Virus Imperils European Farming

Covid-19 has raised questions about the viability of an economic system built on borderless migration and a single marketplace—especially in the bloc’s agricultural industry. Normally, workers from poorer parts of the European Union, particularly Central and Eastern Europe, would take many of these jobs. Now, with many borders closed because of the coronavirus pandemic, many in Western Europe are rethinking the dependence on distant pools of labour—and are trying to spur an interest in farm work among people closer to home. The crisis is putting other practices of European agriculture under scrutiny, including the use of long-haul trucks to move livestock and produce, and farms’ growing specialization on niche, luxury products such as white asparagus. While the Trump administration has recently taken steps to make it easier for farms to hire migrant workers, on April 20, President Trump said all immigration would be temporarily halted. The executive order is expected to include exceptions for farmworkers, but details weren’t available.

Southeast Asia’s hydropower boom grinds to a halt as COVID-19 stalls projects

Incomplete and prospective hydropower dam projects in Southeast Asia, particularly along the Mekong River and its tributaries, are at risk of major delays and shutdowns as the COVID-19 pandemic impacts major industries, energy markets and worker safety. Climate change is already biting in Laos and it is one of the reasons the government has admitted it needs to more carefully review its hydropower dependency. Recent reports that China had deliberately withheld water on its portions of the Mekong - contributing to weak flow and dry-river conditions downstream, have exacerbated concerns about the dams’ reliability. For Laos, which has positioned itself to be the battery of Southeast Asia, the risks and costs are already mounting. The permanent secretary of Laos’ Ministry of Energy and Mines told CNA late last year that solar projects were being considered as a complement or substitute to unreliable hydro production. “The current low gas prices, for instance, is tempting for many countries seeking cheaper electricity,” said the Mekong River Commission (MRC) secretariat.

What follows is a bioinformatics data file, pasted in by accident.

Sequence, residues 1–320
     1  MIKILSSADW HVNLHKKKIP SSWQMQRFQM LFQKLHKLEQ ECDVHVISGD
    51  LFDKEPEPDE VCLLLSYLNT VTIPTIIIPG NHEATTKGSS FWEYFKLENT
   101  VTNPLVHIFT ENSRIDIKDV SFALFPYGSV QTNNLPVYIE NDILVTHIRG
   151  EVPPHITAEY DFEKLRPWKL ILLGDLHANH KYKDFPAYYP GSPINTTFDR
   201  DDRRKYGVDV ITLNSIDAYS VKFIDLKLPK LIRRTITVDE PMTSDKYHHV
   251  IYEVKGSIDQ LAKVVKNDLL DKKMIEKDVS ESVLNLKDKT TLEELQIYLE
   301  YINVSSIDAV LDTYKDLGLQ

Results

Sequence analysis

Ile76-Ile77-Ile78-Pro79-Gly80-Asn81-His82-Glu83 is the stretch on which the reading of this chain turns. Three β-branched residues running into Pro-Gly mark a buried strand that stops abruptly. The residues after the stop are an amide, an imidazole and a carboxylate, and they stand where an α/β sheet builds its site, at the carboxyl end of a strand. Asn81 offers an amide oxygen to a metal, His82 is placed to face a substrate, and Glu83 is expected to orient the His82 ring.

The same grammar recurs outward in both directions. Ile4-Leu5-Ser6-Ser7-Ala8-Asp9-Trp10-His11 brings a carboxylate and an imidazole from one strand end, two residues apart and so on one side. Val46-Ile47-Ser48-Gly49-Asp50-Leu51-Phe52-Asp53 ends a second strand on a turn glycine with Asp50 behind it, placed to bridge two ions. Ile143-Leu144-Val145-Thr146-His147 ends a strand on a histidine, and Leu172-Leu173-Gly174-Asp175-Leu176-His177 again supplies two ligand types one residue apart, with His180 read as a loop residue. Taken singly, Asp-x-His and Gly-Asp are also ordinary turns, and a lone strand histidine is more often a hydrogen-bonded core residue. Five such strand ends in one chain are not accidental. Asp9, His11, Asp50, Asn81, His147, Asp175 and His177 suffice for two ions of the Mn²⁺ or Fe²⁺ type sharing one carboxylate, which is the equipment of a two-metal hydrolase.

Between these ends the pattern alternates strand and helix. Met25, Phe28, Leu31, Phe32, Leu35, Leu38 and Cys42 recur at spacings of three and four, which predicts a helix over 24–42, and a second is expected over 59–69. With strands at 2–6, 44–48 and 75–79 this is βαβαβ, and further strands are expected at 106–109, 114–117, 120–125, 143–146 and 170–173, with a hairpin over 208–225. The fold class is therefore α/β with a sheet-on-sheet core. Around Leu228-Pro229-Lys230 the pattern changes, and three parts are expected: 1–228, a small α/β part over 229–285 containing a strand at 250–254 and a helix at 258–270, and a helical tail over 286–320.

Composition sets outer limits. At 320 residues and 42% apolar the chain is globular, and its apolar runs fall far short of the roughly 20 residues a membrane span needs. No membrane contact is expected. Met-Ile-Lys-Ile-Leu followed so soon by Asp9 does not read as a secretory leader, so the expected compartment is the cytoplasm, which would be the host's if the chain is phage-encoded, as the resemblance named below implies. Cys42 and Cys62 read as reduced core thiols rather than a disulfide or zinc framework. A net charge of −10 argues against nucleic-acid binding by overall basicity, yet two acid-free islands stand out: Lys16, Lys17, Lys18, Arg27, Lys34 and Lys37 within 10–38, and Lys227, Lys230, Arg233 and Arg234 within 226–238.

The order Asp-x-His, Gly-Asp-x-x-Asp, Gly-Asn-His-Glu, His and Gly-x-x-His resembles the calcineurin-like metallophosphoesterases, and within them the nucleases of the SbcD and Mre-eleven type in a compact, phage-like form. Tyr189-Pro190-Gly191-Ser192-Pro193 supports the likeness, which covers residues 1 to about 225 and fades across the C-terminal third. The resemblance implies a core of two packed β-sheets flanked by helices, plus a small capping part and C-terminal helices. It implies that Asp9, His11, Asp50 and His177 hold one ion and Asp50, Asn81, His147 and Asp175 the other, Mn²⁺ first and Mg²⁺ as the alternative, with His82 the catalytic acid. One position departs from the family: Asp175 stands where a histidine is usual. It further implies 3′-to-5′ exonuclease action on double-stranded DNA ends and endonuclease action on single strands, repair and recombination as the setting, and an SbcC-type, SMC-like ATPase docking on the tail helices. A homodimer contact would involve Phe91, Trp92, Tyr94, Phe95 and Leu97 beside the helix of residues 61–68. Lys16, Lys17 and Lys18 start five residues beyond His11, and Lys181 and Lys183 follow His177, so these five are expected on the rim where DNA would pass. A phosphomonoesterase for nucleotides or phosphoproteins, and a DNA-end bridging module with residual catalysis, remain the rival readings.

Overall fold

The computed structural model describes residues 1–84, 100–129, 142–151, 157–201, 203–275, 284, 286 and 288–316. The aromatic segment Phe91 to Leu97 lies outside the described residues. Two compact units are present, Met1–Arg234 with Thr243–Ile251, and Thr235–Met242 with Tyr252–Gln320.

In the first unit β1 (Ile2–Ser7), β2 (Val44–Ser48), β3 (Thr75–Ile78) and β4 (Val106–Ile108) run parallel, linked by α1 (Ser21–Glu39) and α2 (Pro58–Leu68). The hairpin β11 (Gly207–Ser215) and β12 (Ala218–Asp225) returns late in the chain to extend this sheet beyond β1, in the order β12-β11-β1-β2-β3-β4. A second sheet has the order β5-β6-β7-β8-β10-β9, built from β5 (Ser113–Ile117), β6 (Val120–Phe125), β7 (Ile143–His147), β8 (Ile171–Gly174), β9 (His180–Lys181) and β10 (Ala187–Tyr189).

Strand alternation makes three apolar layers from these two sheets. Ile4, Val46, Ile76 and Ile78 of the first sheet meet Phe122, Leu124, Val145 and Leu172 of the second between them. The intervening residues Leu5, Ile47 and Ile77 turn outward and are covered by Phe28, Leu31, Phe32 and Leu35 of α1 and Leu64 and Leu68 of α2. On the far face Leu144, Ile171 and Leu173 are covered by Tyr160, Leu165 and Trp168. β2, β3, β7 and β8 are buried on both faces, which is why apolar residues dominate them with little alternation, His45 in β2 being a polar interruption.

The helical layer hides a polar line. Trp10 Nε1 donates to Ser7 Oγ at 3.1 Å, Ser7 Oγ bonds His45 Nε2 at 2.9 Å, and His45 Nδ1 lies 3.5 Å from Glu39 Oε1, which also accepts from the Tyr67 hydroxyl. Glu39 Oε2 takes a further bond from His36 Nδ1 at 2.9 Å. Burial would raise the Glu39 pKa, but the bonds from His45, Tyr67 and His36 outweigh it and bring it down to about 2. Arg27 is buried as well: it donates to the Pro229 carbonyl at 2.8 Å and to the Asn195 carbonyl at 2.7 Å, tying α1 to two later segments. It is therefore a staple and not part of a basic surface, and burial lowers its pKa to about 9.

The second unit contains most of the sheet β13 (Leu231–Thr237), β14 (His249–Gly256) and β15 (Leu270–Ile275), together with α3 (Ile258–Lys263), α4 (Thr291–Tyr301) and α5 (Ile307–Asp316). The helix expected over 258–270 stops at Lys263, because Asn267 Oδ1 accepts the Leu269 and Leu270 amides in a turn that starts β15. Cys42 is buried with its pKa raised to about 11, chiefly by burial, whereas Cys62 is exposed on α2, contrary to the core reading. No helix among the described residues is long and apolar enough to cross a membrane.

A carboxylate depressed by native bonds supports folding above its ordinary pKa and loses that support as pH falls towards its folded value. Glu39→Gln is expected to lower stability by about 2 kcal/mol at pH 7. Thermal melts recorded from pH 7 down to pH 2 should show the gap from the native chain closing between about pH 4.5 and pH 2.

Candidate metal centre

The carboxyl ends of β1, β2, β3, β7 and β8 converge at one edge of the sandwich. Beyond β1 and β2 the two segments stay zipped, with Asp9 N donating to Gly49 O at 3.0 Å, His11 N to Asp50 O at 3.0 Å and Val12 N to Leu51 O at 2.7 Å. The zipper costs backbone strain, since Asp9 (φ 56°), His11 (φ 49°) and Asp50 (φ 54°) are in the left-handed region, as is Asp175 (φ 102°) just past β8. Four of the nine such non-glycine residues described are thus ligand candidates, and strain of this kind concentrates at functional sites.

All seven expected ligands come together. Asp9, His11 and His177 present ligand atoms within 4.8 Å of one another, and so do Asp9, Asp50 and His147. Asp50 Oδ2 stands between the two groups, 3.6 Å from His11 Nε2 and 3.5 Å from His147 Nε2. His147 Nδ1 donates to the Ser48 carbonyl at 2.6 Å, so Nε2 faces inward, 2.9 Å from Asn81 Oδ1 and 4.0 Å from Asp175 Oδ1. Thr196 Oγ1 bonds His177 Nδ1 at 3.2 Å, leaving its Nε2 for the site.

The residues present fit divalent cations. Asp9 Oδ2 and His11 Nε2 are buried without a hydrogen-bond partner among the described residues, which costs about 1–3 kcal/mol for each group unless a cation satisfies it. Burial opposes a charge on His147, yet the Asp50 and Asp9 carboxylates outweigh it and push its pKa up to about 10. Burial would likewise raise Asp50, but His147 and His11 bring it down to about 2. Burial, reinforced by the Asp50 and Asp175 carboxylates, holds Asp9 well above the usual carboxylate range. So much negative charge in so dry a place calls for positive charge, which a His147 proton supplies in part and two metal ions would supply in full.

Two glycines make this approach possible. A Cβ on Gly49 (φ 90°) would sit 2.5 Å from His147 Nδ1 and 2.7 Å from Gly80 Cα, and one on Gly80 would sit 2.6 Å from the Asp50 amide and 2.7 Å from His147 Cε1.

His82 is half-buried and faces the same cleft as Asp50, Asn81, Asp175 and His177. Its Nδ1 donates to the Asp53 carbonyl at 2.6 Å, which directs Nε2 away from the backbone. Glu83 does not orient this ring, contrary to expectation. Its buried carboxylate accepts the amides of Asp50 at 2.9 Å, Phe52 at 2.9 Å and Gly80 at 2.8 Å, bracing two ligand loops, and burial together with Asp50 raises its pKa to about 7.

Bangladeshi garment workers face ruin as global brands ditch clothing contracts amid coronavirus pandemic

The coronavirus pandemic has led factories to furlough or lay off more than half of the country's nearly 4.1 million garment workers, according to estimates from the Bangladesh Garment Manufacturers and Exporters Association (BGMEA). Global lockdowns and unprecedented job losses have caused demand for just about anything that isn't food to evaporate, including clothing. That's led the international apparel brands and retailers who rely on the cheap labour that Bangladesh provides to cancel or suspend an estimated $3.17 billion worth of orders in the country, according to BGMEA. Garments make up roughly 80% of Bangladesh's exports, Trading Economics says, and generated more than $30 billion last year, according to the country's Export Promotion Bureau — making it the second biggest exporter of such goods in the world after China. In total, the industry contributes 16% of Bangladesh's GDP.

Huawei sees delays to 5G in Europe as its first quarter revenues flat-line